A very ancient symbol, present even before Christianity, the Cross is a geometric figure made up of two lines or bars, one horizontal and one vertical, which cross each other at right angles.
Finds of the first Crosses date back to the earliest pre-Christian civilisations, including those well-known found in Mesopotamia. But the evidence of their presence is not limited to Asia alone.
Worldwide, from North to South, there are many finds of this ancient and fascinating symbol.
In Europe, the Gauls loved to decorate ceramics, jewellery and coins with crosses. In Mexico, Peru and Central America, the cross became a clear reference to the Four Winds. Indians also used crosses; in their case, we found them at crossroads.
Therefore, it is undeniable that the presence of the Cross is attested in many cultures and lands untouched by the teaching of the Church and that it has taken on a strongly symbolic meaning. The change came with the Romans who used the Cross as an instrument of torture. Jesus himself died on the Cross, his Crucifixion representing Victory over Death and Sin. Identified as a universal symbol of Christianity, the Cross has its variants according to culture and the various Christian communities.
But how many types of Crosses are there? Actually, it is not possible to estimate the exact number of existing Crosses, so here only some of the most famous ones will be presented:
Latin Cross: Also known as "Crux Ordinaria" in Latin, the Latin cross represents the Cross on which the Crucifixion of the Lord took place.It is the symbol most commonly used by the various Christian denominations.
Tau Cross: also known as the Commissa Cross, it is characterised by the crossbar at the top of the vertical part. Its shape recalls the letter T.
Greek Cross: Cross formed by four arms of equal measures. It was the Cross used by the early Christians until the Latin Cross began to be used. It is still used in the Eastern Churches and in the Orthodox Churches.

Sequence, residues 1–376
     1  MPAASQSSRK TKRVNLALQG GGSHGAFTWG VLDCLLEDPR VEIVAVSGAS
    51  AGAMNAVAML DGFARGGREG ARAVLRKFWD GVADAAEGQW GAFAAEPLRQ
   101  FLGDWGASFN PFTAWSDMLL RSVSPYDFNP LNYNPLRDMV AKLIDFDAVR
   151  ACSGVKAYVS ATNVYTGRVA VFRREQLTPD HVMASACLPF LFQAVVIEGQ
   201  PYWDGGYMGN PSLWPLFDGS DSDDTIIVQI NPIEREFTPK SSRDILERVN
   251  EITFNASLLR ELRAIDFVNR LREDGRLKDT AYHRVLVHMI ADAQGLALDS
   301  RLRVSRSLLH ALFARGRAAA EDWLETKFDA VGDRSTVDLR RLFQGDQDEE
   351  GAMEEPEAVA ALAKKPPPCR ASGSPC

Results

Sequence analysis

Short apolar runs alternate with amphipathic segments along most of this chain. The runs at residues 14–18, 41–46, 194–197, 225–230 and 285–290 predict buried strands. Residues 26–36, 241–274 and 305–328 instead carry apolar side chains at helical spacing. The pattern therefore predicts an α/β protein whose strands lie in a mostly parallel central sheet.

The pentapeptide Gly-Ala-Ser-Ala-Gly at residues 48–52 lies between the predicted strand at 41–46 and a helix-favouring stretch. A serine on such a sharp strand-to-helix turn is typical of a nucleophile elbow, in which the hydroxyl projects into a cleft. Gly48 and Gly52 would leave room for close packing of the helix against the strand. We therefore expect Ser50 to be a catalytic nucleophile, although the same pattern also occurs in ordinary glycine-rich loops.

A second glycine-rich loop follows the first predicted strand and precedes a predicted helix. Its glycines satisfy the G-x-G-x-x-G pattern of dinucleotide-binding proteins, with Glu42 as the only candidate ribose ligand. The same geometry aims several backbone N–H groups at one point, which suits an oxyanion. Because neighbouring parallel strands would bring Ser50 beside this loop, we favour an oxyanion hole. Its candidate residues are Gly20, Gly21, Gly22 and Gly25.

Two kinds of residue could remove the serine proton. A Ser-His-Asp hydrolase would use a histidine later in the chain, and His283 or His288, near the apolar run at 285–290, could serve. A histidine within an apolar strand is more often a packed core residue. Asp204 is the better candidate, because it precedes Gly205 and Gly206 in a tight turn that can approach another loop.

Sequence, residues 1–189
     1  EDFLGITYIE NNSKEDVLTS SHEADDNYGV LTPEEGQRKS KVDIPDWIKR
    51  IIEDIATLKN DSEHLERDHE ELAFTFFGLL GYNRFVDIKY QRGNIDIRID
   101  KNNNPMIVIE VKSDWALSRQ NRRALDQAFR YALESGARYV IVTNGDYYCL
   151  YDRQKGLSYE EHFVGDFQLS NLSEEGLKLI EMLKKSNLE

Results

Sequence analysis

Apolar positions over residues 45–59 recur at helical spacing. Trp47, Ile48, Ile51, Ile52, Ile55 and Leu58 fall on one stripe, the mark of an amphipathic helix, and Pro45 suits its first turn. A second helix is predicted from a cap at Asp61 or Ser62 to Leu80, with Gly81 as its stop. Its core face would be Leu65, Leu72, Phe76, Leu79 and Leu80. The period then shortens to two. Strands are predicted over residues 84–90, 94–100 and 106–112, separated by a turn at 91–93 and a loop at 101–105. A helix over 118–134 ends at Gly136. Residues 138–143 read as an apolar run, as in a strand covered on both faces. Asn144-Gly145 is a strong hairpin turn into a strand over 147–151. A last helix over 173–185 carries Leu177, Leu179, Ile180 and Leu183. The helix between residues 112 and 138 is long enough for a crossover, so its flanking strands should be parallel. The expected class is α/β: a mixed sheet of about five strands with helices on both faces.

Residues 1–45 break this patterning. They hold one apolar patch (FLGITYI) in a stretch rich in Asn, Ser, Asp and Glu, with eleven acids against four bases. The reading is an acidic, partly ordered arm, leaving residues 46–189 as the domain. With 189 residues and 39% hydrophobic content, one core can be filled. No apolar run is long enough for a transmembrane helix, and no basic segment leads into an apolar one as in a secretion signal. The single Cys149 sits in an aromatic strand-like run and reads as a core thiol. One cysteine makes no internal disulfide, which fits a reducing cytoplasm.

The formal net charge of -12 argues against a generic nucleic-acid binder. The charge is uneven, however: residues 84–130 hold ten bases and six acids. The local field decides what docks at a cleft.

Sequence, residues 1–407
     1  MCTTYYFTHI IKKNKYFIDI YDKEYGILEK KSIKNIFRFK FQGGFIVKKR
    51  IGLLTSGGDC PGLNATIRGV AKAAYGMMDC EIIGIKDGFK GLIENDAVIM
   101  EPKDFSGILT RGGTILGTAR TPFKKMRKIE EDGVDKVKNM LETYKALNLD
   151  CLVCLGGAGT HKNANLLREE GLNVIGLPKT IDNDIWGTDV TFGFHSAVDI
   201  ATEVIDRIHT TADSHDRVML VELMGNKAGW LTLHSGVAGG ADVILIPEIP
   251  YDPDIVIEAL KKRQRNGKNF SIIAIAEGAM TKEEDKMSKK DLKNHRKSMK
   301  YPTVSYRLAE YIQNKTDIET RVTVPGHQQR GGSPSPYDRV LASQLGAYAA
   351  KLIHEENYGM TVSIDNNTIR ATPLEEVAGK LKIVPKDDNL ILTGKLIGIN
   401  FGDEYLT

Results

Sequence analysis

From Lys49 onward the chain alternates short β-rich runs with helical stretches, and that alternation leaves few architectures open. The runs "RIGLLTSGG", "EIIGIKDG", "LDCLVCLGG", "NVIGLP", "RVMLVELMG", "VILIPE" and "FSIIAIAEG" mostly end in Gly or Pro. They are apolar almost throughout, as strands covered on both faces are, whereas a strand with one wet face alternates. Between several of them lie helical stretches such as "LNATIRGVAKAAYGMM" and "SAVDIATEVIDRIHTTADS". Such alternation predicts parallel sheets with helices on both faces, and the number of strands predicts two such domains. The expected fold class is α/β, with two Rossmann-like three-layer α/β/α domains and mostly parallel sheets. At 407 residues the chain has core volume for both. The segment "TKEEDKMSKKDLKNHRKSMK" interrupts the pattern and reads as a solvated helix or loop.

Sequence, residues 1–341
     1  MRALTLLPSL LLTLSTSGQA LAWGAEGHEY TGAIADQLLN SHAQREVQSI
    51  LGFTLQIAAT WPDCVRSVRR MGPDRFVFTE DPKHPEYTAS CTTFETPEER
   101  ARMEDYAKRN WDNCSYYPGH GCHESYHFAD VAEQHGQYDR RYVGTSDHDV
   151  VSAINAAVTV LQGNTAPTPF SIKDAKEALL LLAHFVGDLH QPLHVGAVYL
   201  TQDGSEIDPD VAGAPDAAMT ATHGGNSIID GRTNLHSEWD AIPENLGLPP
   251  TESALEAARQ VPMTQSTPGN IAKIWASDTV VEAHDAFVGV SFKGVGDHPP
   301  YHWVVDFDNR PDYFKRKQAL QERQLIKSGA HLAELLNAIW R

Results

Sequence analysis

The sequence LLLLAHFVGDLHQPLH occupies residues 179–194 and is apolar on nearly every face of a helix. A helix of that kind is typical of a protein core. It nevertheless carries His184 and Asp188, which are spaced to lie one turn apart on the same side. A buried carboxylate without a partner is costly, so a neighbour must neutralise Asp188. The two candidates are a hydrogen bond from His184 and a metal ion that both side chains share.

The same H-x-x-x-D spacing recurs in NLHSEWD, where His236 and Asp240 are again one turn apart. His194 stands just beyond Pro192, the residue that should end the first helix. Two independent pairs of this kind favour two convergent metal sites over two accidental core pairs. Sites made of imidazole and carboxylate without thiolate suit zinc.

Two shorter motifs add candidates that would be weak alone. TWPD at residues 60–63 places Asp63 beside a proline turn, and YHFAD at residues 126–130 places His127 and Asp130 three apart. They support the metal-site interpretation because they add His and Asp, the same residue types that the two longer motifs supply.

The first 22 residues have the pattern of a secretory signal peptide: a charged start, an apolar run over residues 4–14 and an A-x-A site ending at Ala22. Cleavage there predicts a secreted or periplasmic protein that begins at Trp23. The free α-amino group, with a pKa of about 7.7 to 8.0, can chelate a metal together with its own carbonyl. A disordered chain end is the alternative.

Trifoliate Cross: Cross with clover-shaped ends. The Cross is also known as the St Maurice Cross.
Jerusalem Cross: the emblematic cross of the Holy Land, the Jerusalem Cross consists of a central Greek Cross and four small Greek crosses in the inner corners. According to some, the five crosses represent the five wounds of Jesus' passion on the Cross.
CHI RHO Cross: One of the most important Christian symbols. The Chi Rho symbol was composed of the superimposition of the two letters of the Greek alphabet, X and P, 'Christos' in Greek meaning Christ. The monogram placed on a tomb indicated that the deceased was a Christian. It was later adopted by Emperor Constantine as a Christian symbol.
St Damian Cross: Cross dating from around 1100. The work of an unknown artist, it depicts the cross-shaped icon before which St Francis of Assisi was praying as he received the Lord's request to repair his house.
St Benedict Cross: Cross to which the Church has attributed great Power against Exorcism. Inside the Cross is the Saint's famous medal.
St John Paul II Pastoral Cross: Reproduction of the Ferula Cross, i.e. the Pastoral Cross adopted by Pope St John Paul II.
Caravaca Cross: Cross formed by two horizontal lines, the upper arm being wider, and two Angels at the base. The presence of the Angels is a clear reference to its history.
It is said that the Angels appeared to Priest Juan Perez during the celebration of a Mass in which the essential element was missing: the Cross.
It was at that moment that two Angels descended from Heaven, carrying a cross with a double axis and handing it to the priest.
Good Shepherd Cross: Pectoral cross adopted by Pope Francis. In relief, the image of Jesus the Good Shepherd carrying the flock and a sheep on his shoulders.
In John 10:11, Jesus says ‘I am the good shepherd. The good shepherd lays down his life for the sheep.’ Jesus is our Good Shepherd, he cares for us perfectly and knows exactly the right care for each one.